Chronicle of Data Protection, September 15, 2010 by Eric Bukstein
The Future of Privacy Forum (FPF) announced the papers that were selected as “privacy papers for policy makers” …. These works were deemed by the FPF to be the recent scholarship dealing with privacy issues that will prove most useful to policy makers. The papers that were selected are: Privacy on the Books and on the Ground—Kenneth A. Bamberger and Deirdre K. Mulligan….
San Francisco Chronicle, July 4, 2010 by Jim Dempsey and Deirdre K. Mulligan
In the early days of the Internet, policymakers, advocates, companies and coalitions built a policy architecture to steer the technology toward democratic ends. These policy choices embodied the principles of openness, innovation, interconnection, nondiscrimination, user control, freedom of expression, privacy and trust. It is this symbiosis of technology and policy that produced a platform on which individuals across the globe exercise their democratic muscles.
National Telecommunications and Information Administration, April 29, 2010 by Lawrence E. Strickling
As privacy scholars Deirdre Mulligan and Ken Bamberger (University of California, Berkeley I-School and Law School) recently wrote, this type of dynamic, hybrid system in which both private and public stakeholders participate may well yield actual privacy practices that are more responsive to evolving consumer privacy expectations than would a traditional rulemaking system.
The New York Times, February 12, 2010 by Miguel Helft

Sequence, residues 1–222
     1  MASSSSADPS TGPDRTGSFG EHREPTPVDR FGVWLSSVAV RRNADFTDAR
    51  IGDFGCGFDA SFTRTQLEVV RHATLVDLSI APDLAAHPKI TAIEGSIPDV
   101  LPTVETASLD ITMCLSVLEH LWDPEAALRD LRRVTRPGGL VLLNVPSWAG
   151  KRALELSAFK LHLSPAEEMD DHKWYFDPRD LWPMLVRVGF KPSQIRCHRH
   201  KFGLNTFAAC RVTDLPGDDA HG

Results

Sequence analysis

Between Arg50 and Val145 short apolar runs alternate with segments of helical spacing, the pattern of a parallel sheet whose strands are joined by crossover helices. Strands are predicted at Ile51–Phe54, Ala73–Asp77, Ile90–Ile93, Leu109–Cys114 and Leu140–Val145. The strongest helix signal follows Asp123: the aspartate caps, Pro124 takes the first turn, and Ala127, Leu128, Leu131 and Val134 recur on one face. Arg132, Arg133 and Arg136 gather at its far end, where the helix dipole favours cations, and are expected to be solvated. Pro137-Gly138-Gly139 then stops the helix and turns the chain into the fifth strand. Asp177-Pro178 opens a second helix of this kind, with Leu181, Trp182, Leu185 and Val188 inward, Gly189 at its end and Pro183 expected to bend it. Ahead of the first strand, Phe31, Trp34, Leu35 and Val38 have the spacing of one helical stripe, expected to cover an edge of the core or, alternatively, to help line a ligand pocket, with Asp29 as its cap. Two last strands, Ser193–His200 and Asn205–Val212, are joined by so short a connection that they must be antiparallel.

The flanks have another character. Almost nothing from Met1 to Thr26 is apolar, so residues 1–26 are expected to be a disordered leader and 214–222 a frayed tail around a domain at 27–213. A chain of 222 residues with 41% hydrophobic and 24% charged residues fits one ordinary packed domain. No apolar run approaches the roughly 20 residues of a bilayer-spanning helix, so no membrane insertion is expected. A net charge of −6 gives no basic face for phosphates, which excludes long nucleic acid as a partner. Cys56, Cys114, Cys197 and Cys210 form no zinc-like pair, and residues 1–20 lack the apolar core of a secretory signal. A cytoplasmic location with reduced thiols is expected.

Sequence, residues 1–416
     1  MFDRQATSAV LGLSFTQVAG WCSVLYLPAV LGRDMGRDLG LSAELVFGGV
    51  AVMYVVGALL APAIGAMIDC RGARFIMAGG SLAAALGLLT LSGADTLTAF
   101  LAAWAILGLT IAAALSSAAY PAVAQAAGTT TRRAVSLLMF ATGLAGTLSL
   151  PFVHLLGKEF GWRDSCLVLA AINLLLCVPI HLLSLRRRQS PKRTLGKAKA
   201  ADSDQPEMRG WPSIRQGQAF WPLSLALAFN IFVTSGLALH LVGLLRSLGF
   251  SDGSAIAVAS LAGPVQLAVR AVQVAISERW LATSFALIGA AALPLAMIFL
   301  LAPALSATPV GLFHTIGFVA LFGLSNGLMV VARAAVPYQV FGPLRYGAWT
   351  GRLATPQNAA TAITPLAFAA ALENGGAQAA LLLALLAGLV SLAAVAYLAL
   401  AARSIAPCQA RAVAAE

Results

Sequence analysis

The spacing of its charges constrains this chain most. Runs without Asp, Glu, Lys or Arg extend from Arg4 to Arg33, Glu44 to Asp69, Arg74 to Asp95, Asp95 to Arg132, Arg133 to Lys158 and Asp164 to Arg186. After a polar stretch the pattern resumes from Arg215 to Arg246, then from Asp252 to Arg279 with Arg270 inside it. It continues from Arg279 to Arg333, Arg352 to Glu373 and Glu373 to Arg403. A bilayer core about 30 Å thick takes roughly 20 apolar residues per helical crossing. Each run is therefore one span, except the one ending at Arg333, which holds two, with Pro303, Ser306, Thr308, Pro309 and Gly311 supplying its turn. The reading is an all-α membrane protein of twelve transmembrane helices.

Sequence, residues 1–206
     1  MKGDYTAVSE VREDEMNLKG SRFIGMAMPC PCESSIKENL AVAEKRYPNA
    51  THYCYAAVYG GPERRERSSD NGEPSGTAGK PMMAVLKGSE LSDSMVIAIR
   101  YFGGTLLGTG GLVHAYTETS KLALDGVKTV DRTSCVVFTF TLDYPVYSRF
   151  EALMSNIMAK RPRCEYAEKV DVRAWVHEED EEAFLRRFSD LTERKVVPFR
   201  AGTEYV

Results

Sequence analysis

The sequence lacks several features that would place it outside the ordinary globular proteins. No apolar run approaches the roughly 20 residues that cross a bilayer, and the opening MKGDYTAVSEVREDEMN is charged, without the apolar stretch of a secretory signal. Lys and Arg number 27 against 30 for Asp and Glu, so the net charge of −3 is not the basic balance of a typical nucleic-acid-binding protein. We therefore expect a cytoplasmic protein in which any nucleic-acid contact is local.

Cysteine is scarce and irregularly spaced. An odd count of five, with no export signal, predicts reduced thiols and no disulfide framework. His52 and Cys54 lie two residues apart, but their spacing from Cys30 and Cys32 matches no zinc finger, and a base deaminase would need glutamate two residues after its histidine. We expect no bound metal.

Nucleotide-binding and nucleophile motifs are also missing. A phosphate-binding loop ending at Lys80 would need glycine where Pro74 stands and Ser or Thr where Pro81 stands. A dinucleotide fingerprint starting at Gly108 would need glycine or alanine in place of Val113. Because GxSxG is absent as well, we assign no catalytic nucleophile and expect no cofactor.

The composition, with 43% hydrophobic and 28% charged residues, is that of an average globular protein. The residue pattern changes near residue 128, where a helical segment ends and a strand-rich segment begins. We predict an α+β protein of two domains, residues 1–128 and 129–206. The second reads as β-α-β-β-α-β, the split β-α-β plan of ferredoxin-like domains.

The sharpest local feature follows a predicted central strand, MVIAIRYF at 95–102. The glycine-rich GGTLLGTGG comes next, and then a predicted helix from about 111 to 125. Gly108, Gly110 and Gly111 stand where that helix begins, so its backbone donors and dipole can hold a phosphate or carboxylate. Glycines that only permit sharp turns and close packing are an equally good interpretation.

“You want to have a simple rollback mechanism, so once things are not what you expected them to be, you can get out quickly and not have to play a game of Whack-a-Mole,” said Deirdre Mulligan, a privacy expert and assistant professor at the School of Information at the University of California, Berkeley.
Computer World, June 11, 2009 by Michael Fitzgerald
People also ask for photos or videos to be removed from social networking sites, says Deirdre Mulligan…. Individuals and communities have balked at the way Google Maps’ Street View exposes location information. Meanwhile, a 2008 Harris Interactive poll found that 60 percent of Americans were uneasy about having Web content customized for them based on their usage patterns.
-Wired Threat Level Blog, March 6, 2009 by Kim Zetter
“If you actually got it passed,” she said, “it would be a very big deal.”
-CNET News, March 6, 2009 by Elinor Mills
Of consumers who have been notified that their data may have been exposed during a data breach, 20 percent claim they ended their relationship with the company breached but the actual churn rate is less than 7 percent, said Deirdre Mulligan.
-Wired Threat Level Blog, March 9, 2009 by Kim Zetter
According to Deirdre Mulligan, a professor of information technology law and policy … a Ponemon study found that about 20 percent of respondents claimed to have terminated their relationship with a company after discovering that the company experienced a breach.